In short, brain.fm claims that brains like rhythmic things, attention is rhythmic and they try to align this so as to increase focus.
Here is some background neuroscience.
The dynamic attending theory is the idea is that attention is modulated dynamically to optimise sensory processing at expected intervals set by a rhythm.
Many natural stimuli and actions are rhythmically organised, such as speech, walking – and music. The brain is able to predict the occurrence of subsequent events of interest and optimise their processing. When a rhythm is present in the environment, neuronal oscillations can synchronise to this external rhythmic stream. Again, no real conclusive research is currently available to back up their findings, but here is what they’ve been able to show:
The science part is a work in progress, but it looks good at the moment. Brain.fm is available as an app or you can try it for free on the website, however, you do have to give your email address.
Pause claims to pause the active mind and lower the mental workload, release stress and regain focus. It is inspired by the practice of Tai Chi, and it is all about the here and now.
You need keep moving your finger on the screen following a little circle in a lava lamp-like environment – and it provides feedback. If you’re good at following the circle, it tells you “Good”, “Continue at a slow pace”, etc. There are different difficulty levels. It also plays soothing sounds. The sounds aren’t dystopian, rather they are futuristic.
If you’ve seen the film Her, about a guy who fell love with an operating system (a very fancy Siri),it’s kind of like that – pleasant, full of light, but also a bit eery.
There are birds singing in the background. It is relaxing for sure, but it’s also kind of.. lonely or something. If you enjoy futuristic things, it’s for you. It’s 1.99 to get on the AppStore.
3. White Noise
White Noise is free and a pretty unassuming useful app. It’s recordings of things like the Amazon jungle, a fireplace, rain, thunder… It does exactly what it says on the tin and does it well. I know it’s not technically music, but it serves a similar purpose.
Pro tip: there are few things as calming as the sound of a fireplace. We’ve been conditioned for millennia to feel safe and connected while hearing that sound.
Another pro tip: the sound of barking induces anxiety. Again, conditioning plays its role.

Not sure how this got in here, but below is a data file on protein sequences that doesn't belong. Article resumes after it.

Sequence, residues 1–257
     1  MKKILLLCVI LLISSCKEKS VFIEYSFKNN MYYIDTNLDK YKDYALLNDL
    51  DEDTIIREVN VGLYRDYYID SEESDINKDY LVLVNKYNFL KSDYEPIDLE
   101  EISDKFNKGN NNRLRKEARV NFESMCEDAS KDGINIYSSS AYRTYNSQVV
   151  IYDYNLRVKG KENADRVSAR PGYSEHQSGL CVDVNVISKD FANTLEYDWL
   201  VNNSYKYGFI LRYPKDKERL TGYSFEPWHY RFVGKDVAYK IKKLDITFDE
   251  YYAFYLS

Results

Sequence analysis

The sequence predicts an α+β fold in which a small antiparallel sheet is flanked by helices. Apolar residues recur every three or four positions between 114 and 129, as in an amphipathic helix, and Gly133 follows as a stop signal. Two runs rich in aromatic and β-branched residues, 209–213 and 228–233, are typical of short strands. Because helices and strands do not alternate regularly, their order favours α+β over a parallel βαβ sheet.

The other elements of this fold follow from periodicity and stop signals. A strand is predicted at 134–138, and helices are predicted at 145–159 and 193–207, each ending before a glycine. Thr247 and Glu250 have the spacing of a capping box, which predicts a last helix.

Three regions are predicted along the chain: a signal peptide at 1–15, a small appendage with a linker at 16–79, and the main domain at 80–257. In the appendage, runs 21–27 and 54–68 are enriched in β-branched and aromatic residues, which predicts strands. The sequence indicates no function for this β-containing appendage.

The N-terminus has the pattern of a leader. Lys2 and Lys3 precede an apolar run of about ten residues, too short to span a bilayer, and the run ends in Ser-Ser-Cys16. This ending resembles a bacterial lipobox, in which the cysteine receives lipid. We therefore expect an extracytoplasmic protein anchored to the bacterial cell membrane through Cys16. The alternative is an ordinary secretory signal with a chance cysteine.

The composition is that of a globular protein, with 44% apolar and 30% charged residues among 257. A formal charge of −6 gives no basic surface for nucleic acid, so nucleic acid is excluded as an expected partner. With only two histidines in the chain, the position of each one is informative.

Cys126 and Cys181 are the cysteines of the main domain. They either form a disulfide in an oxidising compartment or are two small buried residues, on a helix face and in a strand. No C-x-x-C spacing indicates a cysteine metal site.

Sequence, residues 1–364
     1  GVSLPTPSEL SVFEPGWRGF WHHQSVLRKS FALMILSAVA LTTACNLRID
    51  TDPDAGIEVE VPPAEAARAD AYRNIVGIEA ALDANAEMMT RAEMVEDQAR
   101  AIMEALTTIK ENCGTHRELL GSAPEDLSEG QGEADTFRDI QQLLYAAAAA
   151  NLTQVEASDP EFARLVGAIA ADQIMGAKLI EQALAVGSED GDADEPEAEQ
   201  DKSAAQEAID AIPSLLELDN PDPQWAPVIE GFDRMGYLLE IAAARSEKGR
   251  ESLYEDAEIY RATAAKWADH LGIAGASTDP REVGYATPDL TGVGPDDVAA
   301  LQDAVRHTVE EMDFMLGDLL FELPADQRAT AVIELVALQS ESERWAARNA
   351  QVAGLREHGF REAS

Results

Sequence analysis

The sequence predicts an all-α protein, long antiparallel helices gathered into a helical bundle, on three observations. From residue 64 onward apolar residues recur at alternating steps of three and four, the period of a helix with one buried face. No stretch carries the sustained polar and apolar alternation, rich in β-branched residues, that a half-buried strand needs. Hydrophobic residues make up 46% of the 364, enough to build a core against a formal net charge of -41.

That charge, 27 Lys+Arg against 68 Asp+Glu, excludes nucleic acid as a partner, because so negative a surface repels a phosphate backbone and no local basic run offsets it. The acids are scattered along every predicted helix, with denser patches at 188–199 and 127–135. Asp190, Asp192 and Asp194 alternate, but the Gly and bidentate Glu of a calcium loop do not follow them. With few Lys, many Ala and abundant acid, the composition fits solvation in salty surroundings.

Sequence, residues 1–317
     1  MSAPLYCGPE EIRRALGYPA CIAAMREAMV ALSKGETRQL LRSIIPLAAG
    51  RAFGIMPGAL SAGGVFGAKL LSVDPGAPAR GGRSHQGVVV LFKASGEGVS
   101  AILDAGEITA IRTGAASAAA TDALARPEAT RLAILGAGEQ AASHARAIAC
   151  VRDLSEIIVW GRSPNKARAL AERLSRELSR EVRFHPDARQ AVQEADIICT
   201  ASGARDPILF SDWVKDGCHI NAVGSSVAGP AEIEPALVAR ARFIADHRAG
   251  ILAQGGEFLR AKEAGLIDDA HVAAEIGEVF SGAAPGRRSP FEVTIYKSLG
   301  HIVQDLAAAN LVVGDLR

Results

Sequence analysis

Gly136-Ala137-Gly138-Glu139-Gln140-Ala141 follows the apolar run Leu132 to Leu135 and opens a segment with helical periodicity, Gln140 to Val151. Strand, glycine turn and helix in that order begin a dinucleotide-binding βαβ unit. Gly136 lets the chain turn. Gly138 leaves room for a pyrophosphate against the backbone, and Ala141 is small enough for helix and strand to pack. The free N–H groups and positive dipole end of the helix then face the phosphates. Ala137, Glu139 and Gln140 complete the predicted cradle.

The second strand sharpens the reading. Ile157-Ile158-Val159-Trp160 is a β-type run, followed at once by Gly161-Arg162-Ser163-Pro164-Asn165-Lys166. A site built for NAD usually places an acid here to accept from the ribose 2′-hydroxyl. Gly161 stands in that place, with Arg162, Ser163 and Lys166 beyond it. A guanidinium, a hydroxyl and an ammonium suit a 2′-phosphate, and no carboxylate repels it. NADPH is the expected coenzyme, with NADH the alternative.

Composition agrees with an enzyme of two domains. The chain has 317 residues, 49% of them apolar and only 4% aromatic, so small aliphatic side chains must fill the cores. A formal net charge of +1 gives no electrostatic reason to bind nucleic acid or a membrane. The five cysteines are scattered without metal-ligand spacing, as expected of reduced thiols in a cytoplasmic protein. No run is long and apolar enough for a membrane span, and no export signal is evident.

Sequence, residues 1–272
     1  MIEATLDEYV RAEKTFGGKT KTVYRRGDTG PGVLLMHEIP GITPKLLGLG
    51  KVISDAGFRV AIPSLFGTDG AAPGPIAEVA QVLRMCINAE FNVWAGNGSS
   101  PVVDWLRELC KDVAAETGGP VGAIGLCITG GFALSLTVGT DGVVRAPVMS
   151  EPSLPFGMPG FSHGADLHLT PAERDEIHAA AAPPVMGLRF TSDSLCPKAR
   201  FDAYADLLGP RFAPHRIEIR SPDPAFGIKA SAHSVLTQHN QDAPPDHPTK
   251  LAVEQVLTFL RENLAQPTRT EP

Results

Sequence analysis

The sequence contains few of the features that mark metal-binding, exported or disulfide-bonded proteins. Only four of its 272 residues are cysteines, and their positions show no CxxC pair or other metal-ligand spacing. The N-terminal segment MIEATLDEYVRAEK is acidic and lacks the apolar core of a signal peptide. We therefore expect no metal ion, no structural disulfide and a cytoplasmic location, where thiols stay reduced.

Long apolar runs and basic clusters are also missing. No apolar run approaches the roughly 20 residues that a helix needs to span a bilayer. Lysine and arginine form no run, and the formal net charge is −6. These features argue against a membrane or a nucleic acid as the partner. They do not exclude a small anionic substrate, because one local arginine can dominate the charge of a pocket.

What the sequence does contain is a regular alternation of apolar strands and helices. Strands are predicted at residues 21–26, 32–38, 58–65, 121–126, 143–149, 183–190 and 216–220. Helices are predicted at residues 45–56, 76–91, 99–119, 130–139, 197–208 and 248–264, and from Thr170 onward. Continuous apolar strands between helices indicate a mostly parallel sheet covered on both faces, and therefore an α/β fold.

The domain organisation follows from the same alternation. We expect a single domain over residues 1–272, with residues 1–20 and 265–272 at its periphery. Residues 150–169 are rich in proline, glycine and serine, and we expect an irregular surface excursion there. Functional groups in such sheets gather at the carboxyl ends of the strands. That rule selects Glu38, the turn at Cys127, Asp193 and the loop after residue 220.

Get work done music is a little indie gem of a page (you have to open it in a browser, it’s not an app per se). Again, it is missing the veneer of the apps listed at the top. It is basically a set of curated electronic dance music tracks from Soundcloud. I thought Spotify was great, but whoever chooses these tracks really knows what it takes to focus – or get into a full on trance. I would especially recommend this to anyone who likes mindful exercise.
Running, spinning or HIIT to this is a completely different experience to your normal playlist. This little app will fill you with energy better than any amount of caffeine. Unadulterated bass drops ahead.
Focus.fm tells us it is beats for work, productivity, flow. In reality, it is sweet old house, gentle EDM with mellow bass and generally pleasant vibes.
Some tracks are painfully 1990s. I can just see a girl in a glittery tank top and platforms.
It is beautifully simple, it doesn’t make any scientific claims. It didn’t really help me focus as such, but it’s a nice blast from the past.
6. The piano
OK, I know this is cheating, but really, none of these beat Frederick Chopin.
Words. Words can change how we feel in an instant, they can prime us to act in a certain way without us knowing – but they also can completely misfire.
It seems very obvious now, but it took me ages to figure this out: people don’t always mean what they say.It’s not necessarily because they are lying, but a lot of the time it is because they lack insight and communication skills.
What really hammered it home to me was when a consultant psychiatrist was explaining to me how to handle the “admit-me-or-I-will-kill-myself” kind of presentation. He asked me a very simple question: “If you wanted to kill yourself, would you go to a hospital to inform the doctor?” I’ve no intention of trying to simplify the complex issue of suicide, but there is certainly a type of patient who honestly believes they want to kill themselves and come to hospital, still. Why??? Because the words are misfiring. The words they are saying are: “I want to kill myself”. What (some of them) mean is that they are in so much emotional pain that they have no idea how to get out of it, but they would really like help. It can be, strangely, easier to identify the desire for suicide as the problem because it is a bit more external – at least compared to one’s coping skills.
The moral of the story was: people don’t always mean what they say – and they may not even know it.
This disconnect between words and insight is well known among international relations officials. Here what is said is just as important as what it is left unsaid. The people who answer questions at conferences (e.g. press conferences at the White House) aren’t the officials and military generals actually who know the most. The spokespeople are briefed in a very specific way and believe the things they say. It is too difficult to have insight into how you will be understood, so they get people who specifically understand the exact right stuff.
The significance of precise language is well known in Hollywood.
The production team of Gone with the Wind fought long and hard just to be allowed to have Rhett say “Frankly, my dear, I don’t give a damn.”
Damn was a vulgar word and the censors weren’t happy. However, “I don’t care” just doesn’t provoke the same emotions. Also, it is often said that the word frankly was an unscripted improvisation by Clark Gable – it wasn’t. It’s just different from the book, but that’s how it was in the script.